David Clegg Continues His In-Depth Introduction Of The Senior Players Of Our U19s Squad With Cumbrian Prop, Jonny Scott
You have to admire the stamina and dedication of the number of U19s players, who have been prepared to travel the not insignificant distance to Salford from the rugby league outposts in Cumbria, two or even three times a week, to train with their team mates here at the A J Bell Stadium. In Jonny Scott’s case, though, this is stretching those qualities to the limit as, after an initial two years with the U16s, and now at the start of his final year in the U19s, he, and I suspect his extremely supportive family, will be embarking on their fifth year of undertaking this somewhat onerous part of belonging to a professional club.
It is, in fact, that cauldron of passion for rugby league we know as Whitehaven, in which Jonny grew up, and on the back of sundry visits to the well-known Recreation Ground, quickly grew to enjoy the game through watching, and also playing it in the local park with his friends. It was not, though, until he had reached the age of ten that he took it upon himself to join a club, unsurprisingly, settling on the closest of these, Kells.
Although his size immediately singled him out as a prop, after two years he was moved into the centre, and then, at the age of fourteen, return to the pack at loose forward. He found positives in both of these changes, with the centre bringing him a lot more ball work and space to exploit, and this led to his scoring a considerable number of tries, which meant that he was often selected as Man of the Match.
His later move to loose forward was one that particularly suited him as he relished the freedom to roam the middle of the field at will. Indeed, it was not until he came to Salford that he returned, once more, to his now established role of prop forward.
In joining Kells his choice proved to be first rate, because they proved to be by one of the best side in the county, and they quite frequently won not only the Cumbria County Cup or league, but also lifted other local trophies for which were eligible to contest. Jonny tells me they always used to take the field expecting to win, and by the time they had risen to U16s level, they went, throughout the whole season, unbeaten.
Consequently, when the then Salford City Reds developed some quite close but informal links with Whitehaven, members of the Academy coaching staff ran a coaching session for the Kells players. Jonny quite clearly impressed them, because immediately after he was invited down to join the Salford U16s squad. His acceptance was just as immediate, and it was not long before he had joined a group of three other players who were already making the regular car journeys down to Greater Manchester.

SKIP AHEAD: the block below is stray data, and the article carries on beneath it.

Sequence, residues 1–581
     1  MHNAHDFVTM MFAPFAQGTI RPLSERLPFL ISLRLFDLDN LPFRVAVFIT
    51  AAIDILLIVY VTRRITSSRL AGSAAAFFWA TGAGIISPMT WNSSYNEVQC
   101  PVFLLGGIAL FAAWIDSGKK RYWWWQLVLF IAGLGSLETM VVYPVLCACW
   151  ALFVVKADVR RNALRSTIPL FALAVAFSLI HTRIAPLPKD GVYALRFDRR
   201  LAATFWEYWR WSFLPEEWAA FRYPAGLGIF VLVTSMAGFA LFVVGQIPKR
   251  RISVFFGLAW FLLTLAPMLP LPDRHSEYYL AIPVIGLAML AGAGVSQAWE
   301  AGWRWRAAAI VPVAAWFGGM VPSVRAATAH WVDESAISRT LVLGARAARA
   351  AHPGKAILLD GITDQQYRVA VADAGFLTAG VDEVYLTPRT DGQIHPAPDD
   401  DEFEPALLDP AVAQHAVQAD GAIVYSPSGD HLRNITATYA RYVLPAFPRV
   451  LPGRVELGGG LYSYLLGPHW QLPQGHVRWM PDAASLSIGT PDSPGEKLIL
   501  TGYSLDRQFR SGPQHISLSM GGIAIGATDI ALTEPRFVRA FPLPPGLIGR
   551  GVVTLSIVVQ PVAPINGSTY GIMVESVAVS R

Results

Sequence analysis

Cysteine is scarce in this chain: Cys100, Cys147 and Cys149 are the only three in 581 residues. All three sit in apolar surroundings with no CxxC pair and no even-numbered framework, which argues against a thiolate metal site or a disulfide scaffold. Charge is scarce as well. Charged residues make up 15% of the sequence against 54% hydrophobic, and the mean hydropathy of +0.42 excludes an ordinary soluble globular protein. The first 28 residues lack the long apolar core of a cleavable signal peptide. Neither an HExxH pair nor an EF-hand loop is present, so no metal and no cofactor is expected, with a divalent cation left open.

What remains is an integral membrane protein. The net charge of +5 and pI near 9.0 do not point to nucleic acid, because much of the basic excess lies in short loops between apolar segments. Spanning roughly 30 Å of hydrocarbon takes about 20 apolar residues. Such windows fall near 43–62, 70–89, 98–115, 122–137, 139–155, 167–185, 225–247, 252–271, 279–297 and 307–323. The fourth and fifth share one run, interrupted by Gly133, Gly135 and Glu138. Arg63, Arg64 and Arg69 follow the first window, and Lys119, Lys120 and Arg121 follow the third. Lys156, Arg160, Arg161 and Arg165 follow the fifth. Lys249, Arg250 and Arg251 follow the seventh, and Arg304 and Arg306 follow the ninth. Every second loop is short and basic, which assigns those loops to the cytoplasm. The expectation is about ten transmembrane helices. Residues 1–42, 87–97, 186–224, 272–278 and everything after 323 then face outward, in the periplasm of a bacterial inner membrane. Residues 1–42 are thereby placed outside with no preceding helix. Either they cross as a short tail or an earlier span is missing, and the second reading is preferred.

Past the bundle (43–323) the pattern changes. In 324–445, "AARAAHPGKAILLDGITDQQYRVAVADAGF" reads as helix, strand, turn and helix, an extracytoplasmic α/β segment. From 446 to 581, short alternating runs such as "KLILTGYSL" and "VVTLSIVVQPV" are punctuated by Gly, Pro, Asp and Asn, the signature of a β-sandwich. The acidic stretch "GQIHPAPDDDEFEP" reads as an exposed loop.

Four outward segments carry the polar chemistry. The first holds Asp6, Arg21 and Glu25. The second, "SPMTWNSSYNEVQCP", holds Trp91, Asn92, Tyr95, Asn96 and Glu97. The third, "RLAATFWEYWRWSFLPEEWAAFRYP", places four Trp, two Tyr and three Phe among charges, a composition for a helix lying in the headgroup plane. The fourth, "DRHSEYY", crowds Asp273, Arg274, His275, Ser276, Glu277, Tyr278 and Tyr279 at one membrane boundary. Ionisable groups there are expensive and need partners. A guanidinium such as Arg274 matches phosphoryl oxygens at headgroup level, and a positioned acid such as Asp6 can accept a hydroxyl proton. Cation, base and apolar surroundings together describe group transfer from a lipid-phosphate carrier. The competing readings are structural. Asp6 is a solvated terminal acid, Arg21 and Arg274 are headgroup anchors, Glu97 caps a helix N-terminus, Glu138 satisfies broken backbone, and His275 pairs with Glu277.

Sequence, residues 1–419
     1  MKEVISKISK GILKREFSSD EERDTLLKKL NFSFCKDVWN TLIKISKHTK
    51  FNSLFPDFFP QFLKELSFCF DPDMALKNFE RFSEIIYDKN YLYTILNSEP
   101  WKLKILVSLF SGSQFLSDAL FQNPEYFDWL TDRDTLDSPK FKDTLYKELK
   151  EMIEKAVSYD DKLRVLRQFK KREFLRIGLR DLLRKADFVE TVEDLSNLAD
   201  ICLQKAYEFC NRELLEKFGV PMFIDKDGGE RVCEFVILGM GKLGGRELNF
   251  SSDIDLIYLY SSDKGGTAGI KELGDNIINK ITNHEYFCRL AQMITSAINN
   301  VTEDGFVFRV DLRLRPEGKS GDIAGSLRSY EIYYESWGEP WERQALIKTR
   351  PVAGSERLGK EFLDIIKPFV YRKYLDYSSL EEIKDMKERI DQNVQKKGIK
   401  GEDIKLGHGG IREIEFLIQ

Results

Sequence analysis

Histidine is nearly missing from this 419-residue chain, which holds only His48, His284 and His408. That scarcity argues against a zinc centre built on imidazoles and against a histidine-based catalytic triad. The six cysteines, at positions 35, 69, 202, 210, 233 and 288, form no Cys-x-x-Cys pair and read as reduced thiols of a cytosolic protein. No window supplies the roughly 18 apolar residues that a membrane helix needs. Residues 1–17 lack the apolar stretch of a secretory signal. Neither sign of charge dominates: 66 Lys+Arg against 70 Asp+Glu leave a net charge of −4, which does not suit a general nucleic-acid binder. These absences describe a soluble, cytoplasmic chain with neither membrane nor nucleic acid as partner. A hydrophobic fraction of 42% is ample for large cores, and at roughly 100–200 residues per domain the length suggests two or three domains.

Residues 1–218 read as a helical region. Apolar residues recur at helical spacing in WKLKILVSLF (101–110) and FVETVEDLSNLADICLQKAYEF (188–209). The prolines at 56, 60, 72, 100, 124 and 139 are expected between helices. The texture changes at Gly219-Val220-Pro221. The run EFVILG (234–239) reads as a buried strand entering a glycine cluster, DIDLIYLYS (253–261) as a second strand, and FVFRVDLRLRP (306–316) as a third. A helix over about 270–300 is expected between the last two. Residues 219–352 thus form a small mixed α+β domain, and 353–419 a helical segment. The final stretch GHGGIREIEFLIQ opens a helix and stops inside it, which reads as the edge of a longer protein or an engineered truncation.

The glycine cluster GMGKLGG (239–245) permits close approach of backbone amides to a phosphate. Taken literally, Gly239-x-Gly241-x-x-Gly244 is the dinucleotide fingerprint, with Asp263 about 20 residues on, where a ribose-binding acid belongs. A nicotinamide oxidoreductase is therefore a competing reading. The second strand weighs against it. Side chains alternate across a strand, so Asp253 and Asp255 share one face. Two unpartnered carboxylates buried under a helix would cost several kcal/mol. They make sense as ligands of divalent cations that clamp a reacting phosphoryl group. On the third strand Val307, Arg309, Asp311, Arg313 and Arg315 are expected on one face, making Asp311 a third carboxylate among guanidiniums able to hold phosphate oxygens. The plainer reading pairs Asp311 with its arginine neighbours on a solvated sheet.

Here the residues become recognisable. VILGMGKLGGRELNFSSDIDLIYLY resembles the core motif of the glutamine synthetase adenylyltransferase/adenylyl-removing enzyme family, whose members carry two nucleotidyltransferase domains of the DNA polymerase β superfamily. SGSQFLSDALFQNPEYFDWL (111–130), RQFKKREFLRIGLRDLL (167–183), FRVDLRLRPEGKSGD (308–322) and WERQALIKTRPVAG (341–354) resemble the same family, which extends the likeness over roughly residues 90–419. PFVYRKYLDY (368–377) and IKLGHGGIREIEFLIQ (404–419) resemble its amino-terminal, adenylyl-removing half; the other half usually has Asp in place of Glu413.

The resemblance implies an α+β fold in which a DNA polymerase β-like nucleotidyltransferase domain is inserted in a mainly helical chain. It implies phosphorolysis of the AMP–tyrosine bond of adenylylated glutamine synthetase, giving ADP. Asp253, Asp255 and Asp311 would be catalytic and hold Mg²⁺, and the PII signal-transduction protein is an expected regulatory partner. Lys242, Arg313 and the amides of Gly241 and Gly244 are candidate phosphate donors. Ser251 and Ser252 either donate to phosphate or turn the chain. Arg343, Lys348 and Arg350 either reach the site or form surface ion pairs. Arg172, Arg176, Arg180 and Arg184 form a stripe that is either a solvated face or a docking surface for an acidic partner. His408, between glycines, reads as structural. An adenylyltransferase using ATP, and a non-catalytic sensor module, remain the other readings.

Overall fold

As with so many of the youngster who make the step up from amateur to professional level, it took him some little time to adjust to the increased demands, expectations, and standards, but then, when his debut eventually came, lo and behold it turned out to be against, of all people, Cumbria, at none other than the Recreation Ground, Whitehaven.
It would have been nice to report that against many of his mates from Kells, and other local clubs, he had a dream start in the Salford shirt, but the truth is that he ended up on the losing start, and, as might be expected, had to contend with a fair amount of ribbing from the victors. Things did not get much better very quickly, for wins were few and far between, for that particular side.
Graduation to the U19s, after two years with the U16s, brought him a further higher standard to which he had to adjust, and now back in the front row, an increase in physicality, as he sought to adapt to the challenge of dealing with older, and physically more mature forwards than himself.
“It was a big step up for me, propping against lads three years older than me” he acknowledges, “but I was never in any way daunted at doing so.”
Now, one of the select group of senior players, he is gearing himself up for the additional requirements expected of third year players, whilst ensuring that he is equally undaunted by the responsibility that this brings.
And after all the disappointments of those early losses, at the end of last season he had the opportunity to rediscover the pleasure we all get from being on the winning side, as the Red Devils lifted the Group 2 winners’ trophy to cap a quite spectacular turn around in their fortunes in the later part of the year.